Madras master tweaks cricketers’ techniques

Madras master tweaks cricketers’ techniques

Former international spinner Ray Bright was on hand to impart his words of wisdom upon young cricketers in a series of school holiday coaching clinics held at the Bull Paddock. Back Row:Jake Robinson, Ray Bright. Middle Row: Zac Bourlet, Jonathan Hoi, Archie Corbett, Jack Corbett. Front Row: Archie Nott, Dustin Nott, Beau Bourlet, Hunter Pearce (lying down).

Shaun Brown’s cricket coaching came to Tumut this week as the region’s cricketing stars of tomorrow were put through their paces at the Bull Paddock on Tuesday and Wednesday.

The clinics featured Ray Bright, a former Test player who took five second innings wickets in the famous tied Test match in Madras, India in 1986.

The Tumut clinics were co-ordinated by Scotty Blencowe, who was a late call-up to organise the sessions, and being his first time, he appreciated the smaller numbers in attendance.

“It’s one of the smaller camps that Shaun Brown’s cricket has done, and as a first-time co-ordinator, it is nice to have these kinds of numbers, not too small, not too large,” he said.

Blencowe emphasised the importance of the development clinics and believes that they play a key role in the cricket careers of the kids.

“These sessions are very important for skill development and to build their foundations so they will enjoy their cricket later on,” he said.

“It’s important to be able to enjoy all aspects of cricket because they are still learning the game and finding out which part they like and we give them a go at everything.”

“One of the things we do stress is the basics of the game, and you see people at the top level and they’re fantastic players, but the one thing they do pretty well is the basics.

“That’s what got them to to the top and they continue to do that well, particularly in T20, they can vary it up a bit. The better plays play well across the three formats of the game.”

Blenncowe has vague memories of former international Bright who was on hand to help out, saying he caught the very end of his career in the mid-80’s.

“I just remember when he was retiring, one of my first memories of watching cricket was watching his second last Test,” Blencowe said.

“My dad in particular, who remembers him well from World Series Cricket, is blown away by his quality and talking to him only briefly, it’s clear he knows what he’s on about and is very switched on about the modern game,” he said.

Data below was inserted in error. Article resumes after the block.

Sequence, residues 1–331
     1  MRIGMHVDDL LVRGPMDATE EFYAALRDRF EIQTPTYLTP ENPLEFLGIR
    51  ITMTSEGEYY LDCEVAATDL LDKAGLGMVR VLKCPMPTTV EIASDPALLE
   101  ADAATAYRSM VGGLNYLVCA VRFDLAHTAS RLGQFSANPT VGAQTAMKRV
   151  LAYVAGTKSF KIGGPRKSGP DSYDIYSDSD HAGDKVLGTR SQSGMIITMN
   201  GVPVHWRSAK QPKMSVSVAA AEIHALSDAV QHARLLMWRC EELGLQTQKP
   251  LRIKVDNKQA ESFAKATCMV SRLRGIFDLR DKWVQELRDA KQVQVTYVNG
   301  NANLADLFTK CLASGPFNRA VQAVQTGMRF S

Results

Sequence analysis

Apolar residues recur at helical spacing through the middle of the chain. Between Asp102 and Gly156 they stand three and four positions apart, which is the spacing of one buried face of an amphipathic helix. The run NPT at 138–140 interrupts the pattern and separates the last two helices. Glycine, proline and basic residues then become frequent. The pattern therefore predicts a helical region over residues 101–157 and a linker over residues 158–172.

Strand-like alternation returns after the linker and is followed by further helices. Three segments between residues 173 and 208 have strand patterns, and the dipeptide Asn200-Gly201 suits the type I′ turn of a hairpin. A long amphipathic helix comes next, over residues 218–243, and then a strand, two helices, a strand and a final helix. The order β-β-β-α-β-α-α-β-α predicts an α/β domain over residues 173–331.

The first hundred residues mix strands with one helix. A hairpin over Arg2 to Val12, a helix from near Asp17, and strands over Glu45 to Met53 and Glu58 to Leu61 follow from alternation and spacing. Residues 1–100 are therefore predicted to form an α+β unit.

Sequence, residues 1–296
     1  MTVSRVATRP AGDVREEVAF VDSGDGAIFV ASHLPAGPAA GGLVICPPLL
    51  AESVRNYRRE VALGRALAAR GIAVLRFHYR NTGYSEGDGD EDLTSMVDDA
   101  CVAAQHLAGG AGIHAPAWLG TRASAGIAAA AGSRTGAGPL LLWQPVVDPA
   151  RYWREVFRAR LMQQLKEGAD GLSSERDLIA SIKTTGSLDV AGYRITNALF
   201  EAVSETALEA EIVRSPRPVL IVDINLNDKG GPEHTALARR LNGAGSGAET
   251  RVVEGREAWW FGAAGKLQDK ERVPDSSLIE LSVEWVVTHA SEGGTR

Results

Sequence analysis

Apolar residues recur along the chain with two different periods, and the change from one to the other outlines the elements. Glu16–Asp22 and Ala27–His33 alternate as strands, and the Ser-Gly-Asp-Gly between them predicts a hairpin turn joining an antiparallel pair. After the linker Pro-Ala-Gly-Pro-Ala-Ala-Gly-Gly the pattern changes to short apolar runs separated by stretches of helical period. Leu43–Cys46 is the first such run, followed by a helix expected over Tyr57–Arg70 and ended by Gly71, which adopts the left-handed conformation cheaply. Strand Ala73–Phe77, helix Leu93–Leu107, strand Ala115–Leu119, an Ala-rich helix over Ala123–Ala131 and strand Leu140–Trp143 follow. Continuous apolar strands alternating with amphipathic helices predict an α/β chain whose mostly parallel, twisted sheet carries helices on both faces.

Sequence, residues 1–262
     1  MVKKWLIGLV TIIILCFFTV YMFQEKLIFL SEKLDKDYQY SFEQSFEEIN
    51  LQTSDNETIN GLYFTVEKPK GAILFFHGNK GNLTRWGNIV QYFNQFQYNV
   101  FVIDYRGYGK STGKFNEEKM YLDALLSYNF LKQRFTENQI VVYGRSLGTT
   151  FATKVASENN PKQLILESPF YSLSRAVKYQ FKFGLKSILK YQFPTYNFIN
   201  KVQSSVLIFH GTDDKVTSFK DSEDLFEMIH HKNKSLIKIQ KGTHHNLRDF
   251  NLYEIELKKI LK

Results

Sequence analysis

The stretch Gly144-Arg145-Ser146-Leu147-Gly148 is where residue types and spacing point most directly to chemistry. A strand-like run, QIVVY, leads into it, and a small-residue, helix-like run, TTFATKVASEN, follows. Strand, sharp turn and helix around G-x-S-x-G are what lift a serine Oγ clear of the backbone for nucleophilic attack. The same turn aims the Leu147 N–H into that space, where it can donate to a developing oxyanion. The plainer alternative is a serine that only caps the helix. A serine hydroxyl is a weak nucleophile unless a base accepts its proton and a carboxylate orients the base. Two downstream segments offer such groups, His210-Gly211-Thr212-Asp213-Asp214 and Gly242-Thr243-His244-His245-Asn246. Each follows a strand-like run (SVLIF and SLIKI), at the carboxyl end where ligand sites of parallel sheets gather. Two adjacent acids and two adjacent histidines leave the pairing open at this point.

Bright said it’s important to focus on the basics to begin with for the young players.

“I think at this stage, we really need to emphasise the basics ie batting, bowling and fielding, because that’s what will take them through a long and, hopefully, fruitful career,” he said.

Bright retired in 1986 after playing in 25 Tests and 11 One Day Internationals, and has seen plenty of changes in the game since.

“One of the big things that has changed since my time is the bats have certainly changed, I’d hate to see what Clive Lloyd and Viv Richards, and guys like Greg Chappell would do with these modern bats. In the old days if you mis-hit the ball, it certainly wouldn’t go for four or six, and you’d probably get caught, whereas nowadays it still manages to find the boundary without too much trouble,” he said.

With the rise of T20 placing further pressure on the bowlers who are already battling larger bats and smaller boundaries, Bright believes it’s an area of concern, but admits it makes for splendid viewing.

“I think that’s one of the problems in world cricket and perhaps the balance has gone too much to the batters, but it makes for great viewing and that’s what it’s all about, spectator appeal, be it on TV or at the ground and certainly the numbers that we’re getting for most formats of the game are outstanding, and I think the game has moved forward brilliantly.”

Right: Tom Stewart of Tumut showed plenty of promise at the Shaun Brown coaching clinic at the Bull Paddock on Tuesday